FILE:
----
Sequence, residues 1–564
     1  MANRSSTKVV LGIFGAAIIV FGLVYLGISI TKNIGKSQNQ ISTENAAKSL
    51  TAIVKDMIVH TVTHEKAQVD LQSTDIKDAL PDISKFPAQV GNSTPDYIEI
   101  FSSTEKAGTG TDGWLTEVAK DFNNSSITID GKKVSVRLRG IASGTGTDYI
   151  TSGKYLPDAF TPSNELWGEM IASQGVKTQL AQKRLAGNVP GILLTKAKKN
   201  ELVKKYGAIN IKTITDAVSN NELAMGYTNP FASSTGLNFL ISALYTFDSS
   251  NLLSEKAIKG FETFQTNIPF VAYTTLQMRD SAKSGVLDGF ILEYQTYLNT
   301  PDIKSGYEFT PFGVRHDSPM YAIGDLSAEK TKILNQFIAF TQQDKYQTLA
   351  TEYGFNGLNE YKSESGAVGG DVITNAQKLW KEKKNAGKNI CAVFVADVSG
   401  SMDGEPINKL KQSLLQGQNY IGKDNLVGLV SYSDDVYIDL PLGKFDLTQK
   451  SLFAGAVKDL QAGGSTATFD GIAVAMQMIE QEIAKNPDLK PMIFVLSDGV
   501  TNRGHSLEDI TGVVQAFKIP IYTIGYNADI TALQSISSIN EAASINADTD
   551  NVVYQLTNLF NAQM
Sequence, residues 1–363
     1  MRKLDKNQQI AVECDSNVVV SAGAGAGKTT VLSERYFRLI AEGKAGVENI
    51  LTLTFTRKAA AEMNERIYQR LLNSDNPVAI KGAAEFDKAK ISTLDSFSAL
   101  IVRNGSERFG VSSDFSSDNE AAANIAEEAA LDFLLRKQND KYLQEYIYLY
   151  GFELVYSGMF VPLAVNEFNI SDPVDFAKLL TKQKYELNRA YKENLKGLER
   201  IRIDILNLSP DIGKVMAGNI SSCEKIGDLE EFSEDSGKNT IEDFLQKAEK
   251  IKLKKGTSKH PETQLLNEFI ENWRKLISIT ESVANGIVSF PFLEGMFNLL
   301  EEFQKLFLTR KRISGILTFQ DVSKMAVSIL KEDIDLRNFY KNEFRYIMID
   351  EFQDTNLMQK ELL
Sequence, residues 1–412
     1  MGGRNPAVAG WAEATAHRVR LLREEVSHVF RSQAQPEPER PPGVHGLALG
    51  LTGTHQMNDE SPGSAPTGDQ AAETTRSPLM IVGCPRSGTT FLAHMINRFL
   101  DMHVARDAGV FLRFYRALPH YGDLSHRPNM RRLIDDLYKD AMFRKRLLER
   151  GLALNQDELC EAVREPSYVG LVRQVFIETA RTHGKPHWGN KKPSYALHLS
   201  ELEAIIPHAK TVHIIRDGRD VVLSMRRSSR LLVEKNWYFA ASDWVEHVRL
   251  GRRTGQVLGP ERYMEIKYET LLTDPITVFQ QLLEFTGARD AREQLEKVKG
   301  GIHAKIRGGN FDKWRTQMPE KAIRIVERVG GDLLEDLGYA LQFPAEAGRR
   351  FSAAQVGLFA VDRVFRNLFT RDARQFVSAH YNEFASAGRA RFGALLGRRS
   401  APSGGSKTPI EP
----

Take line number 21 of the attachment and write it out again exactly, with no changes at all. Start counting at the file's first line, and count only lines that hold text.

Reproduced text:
   301  EEFQKLFLTR KRISGILTFQ DVSKMAVSIL KEDIDLRNFY KNEFRYIMID